GNU/Linux Howtos

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Configuring Firwalld


Firewalld provides dynamic firewall services, supporting both networking and "zones." Here we will focus on configuring a basic firewall could be useful for a public facing server.

Enabling the Firewall

Since Centos 7 includes Firewalld by default, you can use systemctl to start Firewalld and to enable it at boot:

systemctl start firewalld
systemctl enable firewalld

Confirm that Firewalld is running with this command:
firewall-cmd --state

Reviewing the defaults

Confirm that the default zone is public.
firewall-cmd --get-default-zone

Confirm that the only active zone is public:
firewall-cmd --get-active-zones

For future reference, you can view a list of all the available zones:
firewall-cmd --get-zones

This should return a list similar to this:

work drop internal external trusted home dmz public block  

To list what services you currently have authorized for the public zone:
firewall-cmd --zone=public --list-services

List the services again after adding any additional services to confirm they were what you intended.

Managing services

Firewalld uses runtime and permanent (persistent) configuration sets. Add services rather than ports to make it easier to understand and manage your Firewalld configuration.

To view a list of the available services:
firewall-cmd --get-services

If you want to find out more about service configurations:
cd /usr/lib/firewalld/services

There you will find an xml file for each service. For example, the file for httpd will look something like this:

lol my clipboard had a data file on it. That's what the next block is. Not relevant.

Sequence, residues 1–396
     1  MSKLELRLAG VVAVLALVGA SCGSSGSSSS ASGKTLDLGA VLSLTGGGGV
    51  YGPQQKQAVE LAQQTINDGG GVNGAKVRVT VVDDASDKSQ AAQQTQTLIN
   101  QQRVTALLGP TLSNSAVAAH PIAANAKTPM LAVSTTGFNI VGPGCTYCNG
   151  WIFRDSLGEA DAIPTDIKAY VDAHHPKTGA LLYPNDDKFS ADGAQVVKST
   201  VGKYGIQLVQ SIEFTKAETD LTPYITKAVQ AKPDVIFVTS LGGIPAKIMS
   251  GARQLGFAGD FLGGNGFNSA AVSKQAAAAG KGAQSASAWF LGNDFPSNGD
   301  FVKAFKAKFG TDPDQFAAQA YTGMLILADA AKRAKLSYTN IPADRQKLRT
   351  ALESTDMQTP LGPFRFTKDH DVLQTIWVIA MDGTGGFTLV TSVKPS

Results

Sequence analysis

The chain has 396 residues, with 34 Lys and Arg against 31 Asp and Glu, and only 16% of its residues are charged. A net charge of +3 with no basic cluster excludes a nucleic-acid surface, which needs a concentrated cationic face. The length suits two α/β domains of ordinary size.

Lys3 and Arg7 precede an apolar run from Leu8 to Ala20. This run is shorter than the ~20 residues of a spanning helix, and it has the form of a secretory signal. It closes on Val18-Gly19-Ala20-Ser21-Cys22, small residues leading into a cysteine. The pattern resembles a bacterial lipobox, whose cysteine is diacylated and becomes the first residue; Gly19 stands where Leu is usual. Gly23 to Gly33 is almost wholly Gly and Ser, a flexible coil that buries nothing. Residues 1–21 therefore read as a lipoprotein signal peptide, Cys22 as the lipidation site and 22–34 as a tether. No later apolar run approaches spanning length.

<?xml version="1.0" encoding="utf-8"?>  
  <short>Secure WWW (HTTPS)</short>
  <description>HTTPS is a modified HTTP used to serve Web pages when security is important.</description>
  <port protocol="tcp" port="443"/>

Adding or removing services

You can add services for runtime or permanently (i.e., to load on boot).

To add or remove a service in runtime:
firewall-cmd --zone=public --add-service=https
firewall-cmd --zone=public --remove-service=https

To add or remove a service permanently:
firewall-cmd --zone=public --add-service=https --permanent
firewall-cmd --zone=public --remove-service=https --permanent

Allowing or denying ports

While it is best practice to add services rather than ports, you can allow or disable traffic via individual ports for runtime and to run permanently (i.e., load at boot).

To allow or deny traffic to port 443 in rutime:
firewall-cmd --zone=public --add-port=443/tcp
firewall-cmd --zone=public --remove-port=443/tcp

To allow or deny traffic to port 443 permanently:
firewall-cmd --zone=public --add-port=443/tcp --permanent
firewall-cmd --zone=public --remove-port=443/tcp --permanent

To add a rule to take effect immediately and permanently:
firewall-cmd --zone=public --add-service=https --permanent
firewall-cmd --reload

List the services after any changes to make sure they're what you intended:
firewall-cmd --zone=public --list-services

Reload firewalld then list services to confirm that services you intended to add permanently took effect:
firewall-cmd --reloadfirewall-cmd --zone=public --list-services

Allowing only those services and ports that you need would be a good basic configuration for a public facing server. You can do a lot more with firewalld, including setting up custom services and configuring multiple zones.

Go to for more information and comprehensive documentation.